In the most recent issue, you will find our 100th puzzle for this magazine. We’re celebrating this milestone with a slightly different format, starring C, the Roman numeral for 100. In the diagram, words are separated not by black squares but by bars. One thing that makes bar diagram cryptics easier is that there are more intersections, so your across answers will provide more help with the downs, and vice versa. But one thing that makes this particular puzzle more challenging is that we do not tell you where the answers go, other than by anchoring them with the Cs. We have written about bar diagrams before. If you are attached to the standard black-square puzzle, worry not: we venture away from them only once or twice a year.
Also in honor of our 100th puzzle, we have updated our solvers’ guidelines. The original version did not mention our recurring themed puzzles, and did not explain some of the newer clue types we have been using, in particular the rebus clue and the letter bank clue. We’ve also added links to Word Salad posts where various clue types are explained in more detail. As we write posts about the remaining clue types, we’ll make sure to insert links to those in the guidelines document, so it can serve as a permanent reference.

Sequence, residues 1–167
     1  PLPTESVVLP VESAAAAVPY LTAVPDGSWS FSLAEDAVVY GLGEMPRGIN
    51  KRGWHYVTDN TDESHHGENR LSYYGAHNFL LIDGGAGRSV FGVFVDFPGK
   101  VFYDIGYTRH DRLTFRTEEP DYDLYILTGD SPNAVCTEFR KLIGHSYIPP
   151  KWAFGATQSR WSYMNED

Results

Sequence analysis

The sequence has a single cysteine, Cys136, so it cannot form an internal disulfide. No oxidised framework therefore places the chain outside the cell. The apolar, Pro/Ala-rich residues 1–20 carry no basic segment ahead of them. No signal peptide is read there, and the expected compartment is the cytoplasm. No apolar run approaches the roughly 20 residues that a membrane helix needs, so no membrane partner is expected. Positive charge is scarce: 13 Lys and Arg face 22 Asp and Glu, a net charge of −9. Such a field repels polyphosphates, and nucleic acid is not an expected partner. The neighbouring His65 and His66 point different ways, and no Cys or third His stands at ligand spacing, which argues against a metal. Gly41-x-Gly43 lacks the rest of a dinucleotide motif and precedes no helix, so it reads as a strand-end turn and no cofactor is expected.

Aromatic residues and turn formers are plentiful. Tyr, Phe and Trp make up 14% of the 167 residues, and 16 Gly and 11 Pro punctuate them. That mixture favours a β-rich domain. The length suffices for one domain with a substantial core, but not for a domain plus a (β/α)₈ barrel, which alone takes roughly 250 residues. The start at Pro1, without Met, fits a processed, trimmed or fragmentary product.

Another way you can learn how our puzzles work is to solve them on an iOS device, using the Puzzazz app. The first forty puzzles have been published on that platform: Volume 1 had 20 of them, and Volume, 2 which appeared recently, had the next 20. Each volume goes for $4.95. They are titled Out of Left Field, which we hope is appropriate in more ways than one. The beauty of solving on Puzzazz is that all sorts of hints and explanations are available. For example, you can ask where the break is between definition and wordplay, or what type of clue it is. Read more about Puzzazz here.
We have quite enjoyed creating our first 100 puzzles, and we look forward to the next hundred!
Would you like to wish us a happy 100th anniversary? Please do it here, along with any quibbles, questions, kudos or complaints about the current puzzle or any previous puzzle. To comment (and see other readers’ comments), please click on this post’s title and scroll to the bottom of the resulting screen.
And here are three links:
• The current puzzle
• Our puzzle-solving guidelines
• A Nation puzzle solver’s blog where you can ask for and offer hints, and where every one of our clues is explained in detail.